with adhesions and had a hysterectomy at 32 years
old, (after many other surgeries for adhesions).
I have also had a long history with polyps and cysts.
Had gall bladder out- filled with polyps, had multiple
cysts on ovaries, cyst in sinus etc.
My concern is with my lungs and allergies.
Are granulomas something to worry about? Do
they get worse with time? Could the x-ray
be wrong, and actually be adhesions or cysts and
not granulomas. Thank you for any information!
I see my doctor frequently and they seem to think
it isn't a big deal. I just wanted the re-assurance.
A. Dear Christine, Granulomas in the lung
are commonly healed and of no significance. They
do not relate to cysts or adhesions. Some active
granulomas are present in certain allergic
reactions on the lung surface, but these allergic
processes are not the same as the common granulomas
seen on chest x-rays.
Worried about Husband's CT Scan
Q. My husband had a chest X-ray. The doctor said
that there were spots and he had a CT scan. When
the doctor read the scan he said he had thickening
and the spots were due to his smoking.
I'm still concerned about this, my husband has
a smoker's cough and has smoked for many years.
I want him to see a lung doctor for a second opinion
just to make sure; is this a good idea? His MD just
seemed so vague in his reason for the thickening
A. Dear Stacey, This all sounds vague. So-called
spots are usually benign, but those that show change
are suspicious of lung cancer. Better see a pulmonologist.
Brother and Sister Have Asthma, What are
Q. I have not being diagnosed with asthma yet;
I did however use an albuterol inhaler for about
a month. My brother has being recently diagnosed
with asthma; my sister had being asthmatic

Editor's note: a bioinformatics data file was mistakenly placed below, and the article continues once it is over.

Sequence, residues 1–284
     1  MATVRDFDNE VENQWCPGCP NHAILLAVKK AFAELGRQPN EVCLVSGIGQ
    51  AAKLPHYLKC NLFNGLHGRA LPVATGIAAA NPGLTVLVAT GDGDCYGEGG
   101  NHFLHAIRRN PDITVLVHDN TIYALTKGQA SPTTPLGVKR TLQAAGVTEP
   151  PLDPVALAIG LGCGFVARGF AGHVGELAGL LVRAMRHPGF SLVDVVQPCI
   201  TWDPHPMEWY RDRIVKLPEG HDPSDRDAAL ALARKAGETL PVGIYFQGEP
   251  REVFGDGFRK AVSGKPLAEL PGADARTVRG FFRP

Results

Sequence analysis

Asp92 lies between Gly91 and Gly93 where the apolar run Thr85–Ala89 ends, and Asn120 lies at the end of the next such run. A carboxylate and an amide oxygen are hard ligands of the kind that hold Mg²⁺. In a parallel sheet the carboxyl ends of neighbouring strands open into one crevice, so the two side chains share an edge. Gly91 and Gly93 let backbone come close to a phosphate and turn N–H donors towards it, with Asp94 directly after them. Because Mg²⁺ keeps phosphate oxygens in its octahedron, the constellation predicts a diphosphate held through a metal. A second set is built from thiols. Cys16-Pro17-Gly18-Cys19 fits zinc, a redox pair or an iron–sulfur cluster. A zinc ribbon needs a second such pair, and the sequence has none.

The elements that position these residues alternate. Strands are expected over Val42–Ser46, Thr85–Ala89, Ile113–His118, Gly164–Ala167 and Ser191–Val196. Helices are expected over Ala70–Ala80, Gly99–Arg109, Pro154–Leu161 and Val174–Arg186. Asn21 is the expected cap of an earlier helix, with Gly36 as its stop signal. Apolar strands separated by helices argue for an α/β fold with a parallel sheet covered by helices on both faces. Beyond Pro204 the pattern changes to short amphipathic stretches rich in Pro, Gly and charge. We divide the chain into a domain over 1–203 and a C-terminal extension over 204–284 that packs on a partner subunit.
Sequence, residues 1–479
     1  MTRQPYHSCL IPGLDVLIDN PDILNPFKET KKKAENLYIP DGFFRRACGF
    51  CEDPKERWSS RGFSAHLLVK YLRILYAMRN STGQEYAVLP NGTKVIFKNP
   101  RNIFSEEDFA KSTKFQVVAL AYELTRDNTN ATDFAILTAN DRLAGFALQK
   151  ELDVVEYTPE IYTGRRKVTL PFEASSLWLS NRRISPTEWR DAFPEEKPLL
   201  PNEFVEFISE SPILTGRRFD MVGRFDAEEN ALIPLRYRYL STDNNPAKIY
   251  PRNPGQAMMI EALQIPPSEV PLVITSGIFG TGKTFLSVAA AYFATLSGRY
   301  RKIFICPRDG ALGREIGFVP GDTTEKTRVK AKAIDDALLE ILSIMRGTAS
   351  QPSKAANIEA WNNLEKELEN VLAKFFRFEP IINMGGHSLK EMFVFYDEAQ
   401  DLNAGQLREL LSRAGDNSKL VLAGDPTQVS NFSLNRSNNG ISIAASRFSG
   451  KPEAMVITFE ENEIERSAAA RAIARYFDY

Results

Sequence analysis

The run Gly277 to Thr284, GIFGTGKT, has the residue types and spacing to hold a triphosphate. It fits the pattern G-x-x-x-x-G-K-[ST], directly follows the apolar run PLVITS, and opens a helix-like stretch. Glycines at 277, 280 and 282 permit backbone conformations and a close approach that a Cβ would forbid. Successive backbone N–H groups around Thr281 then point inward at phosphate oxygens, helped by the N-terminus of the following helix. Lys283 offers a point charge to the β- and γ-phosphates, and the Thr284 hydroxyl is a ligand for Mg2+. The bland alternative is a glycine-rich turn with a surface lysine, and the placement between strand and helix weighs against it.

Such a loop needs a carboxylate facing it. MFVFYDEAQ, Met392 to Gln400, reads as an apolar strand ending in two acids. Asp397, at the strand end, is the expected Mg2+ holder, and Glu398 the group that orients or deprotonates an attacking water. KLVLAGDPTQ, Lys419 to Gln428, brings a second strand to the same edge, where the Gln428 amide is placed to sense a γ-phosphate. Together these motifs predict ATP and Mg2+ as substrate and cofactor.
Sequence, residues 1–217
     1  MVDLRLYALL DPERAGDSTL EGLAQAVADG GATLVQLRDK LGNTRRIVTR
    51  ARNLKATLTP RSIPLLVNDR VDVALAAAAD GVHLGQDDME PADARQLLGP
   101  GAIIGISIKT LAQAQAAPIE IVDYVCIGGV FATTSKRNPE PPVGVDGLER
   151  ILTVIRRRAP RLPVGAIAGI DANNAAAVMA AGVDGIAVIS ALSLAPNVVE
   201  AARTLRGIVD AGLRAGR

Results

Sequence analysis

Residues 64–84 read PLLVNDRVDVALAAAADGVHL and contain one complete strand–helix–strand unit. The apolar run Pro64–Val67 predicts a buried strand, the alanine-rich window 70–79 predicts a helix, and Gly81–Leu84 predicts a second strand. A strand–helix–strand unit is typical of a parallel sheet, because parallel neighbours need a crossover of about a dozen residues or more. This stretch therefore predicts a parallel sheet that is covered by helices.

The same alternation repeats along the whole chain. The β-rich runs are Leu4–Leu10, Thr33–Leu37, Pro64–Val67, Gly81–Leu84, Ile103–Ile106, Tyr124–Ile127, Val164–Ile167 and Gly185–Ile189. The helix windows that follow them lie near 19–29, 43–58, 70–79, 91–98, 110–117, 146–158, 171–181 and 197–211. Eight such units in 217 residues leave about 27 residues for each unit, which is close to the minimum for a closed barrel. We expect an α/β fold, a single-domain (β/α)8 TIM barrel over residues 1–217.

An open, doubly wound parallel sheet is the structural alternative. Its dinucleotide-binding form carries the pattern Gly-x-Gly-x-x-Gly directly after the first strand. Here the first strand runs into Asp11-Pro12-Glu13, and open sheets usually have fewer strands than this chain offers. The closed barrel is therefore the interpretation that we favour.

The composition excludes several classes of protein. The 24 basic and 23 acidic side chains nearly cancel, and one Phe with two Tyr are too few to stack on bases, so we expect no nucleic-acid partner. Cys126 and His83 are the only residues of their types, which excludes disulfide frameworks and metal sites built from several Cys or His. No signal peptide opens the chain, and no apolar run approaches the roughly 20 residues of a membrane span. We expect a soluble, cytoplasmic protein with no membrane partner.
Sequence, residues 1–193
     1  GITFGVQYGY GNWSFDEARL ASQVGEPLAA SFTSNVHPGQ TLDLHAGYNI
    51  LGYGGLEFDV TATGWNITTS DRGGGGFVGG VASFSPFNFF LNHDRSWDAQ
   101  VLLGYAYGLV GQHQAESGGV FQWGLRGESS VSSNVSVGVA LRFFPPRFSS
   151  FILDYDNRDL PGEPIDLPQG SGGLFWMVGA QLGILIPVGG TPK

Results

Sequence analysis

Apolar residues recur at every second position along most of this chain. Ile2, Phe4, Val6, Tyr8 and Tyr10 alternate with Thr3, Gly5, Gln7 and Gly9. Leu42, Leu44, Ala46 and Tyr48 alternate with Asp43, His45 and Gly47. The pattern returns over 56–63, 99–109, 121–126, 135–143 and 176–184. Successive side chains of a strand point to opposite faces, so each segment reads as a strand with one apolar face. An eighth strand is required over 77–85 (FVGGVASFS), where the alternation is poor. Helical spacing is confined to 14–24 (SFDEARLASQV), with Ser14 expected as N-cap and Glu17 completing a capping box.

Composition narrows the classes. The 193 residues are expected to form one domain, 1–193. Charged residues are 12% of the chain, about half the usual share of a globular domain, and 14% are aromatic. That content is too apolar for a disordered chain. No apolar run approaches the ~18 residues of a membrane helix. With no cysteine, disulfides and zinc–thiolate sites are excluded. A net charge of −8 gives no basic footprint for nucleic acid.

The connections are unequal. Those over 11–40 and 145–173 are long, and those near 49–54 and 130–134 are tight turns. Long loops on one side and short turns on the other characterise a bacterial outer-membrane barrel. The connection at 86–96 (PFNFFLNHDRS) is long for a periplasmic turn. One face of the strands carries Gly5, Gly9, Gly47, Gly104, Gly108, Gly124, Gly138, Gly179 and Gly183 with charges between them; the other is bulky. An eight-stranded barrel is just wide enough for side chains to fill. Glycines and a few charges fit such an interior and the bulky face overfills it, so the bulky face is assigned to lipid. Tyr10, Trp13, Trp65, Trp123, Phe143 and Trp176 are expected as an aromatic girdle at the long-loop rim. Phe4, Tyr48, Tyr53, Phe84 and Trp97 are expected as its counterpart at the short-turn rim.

since ninth grade. Is it possible for me to have
asthma but not yet diagnosed? Could I be the one
who has asthma as well? My family goes to the
same doctor. How do I change my family physician?
I am 22 years old last time I went to the doctor
was in 2004 for a cough.
A. Dear Eric, Since your brother and sister both
have asthma, you are also at risk of developing
it. But this is not certain. If concerned, you should
see an asthma specialist, either a pulmonologist
or an allergist.
Update from Craig
Q. Thanks for your last reply (asthma, silicosis
worries). You had asked me to provide you with the
results of my methacholine challenge. After just
one dose of the methacholine (doctor said they do
as many as 4 doses to determine sensitivity) and
retesting PFT's, I had a 48% decrease in lung
They diagnosed me with asthma and gave me Pulmicort-
two puffs, twice daily. I've been taking it for
a week now, at least I think I'm taking it- I really
can't tell if I'm inhaling anything or not, although
I've followed directions.
I haven't had any real change in how I feel in
the past week. I have some upper abdominal aching/pain
that I've had off and on for a few months sort of
on my sides. Not sure if that's related or not.
Seems to be.
Anyway, let me know what you think about the diagnosis,
and if indeed Pulmicort seems the way to go. I've
heard it can take up to a month for it to fully
work. Thanks as always for your time and attention.
A. Dear Craig, Your methacholine challenge is confirmatory
of asthma. Pulmicort is an anti inflammatory drug
that will take some time to work. It does not treat
bronchospasm, and you may need a bronchodilator,
such as albuterol for symptoms. Pulmicort is a controller
of asthma, and albuterol a symptom reliever.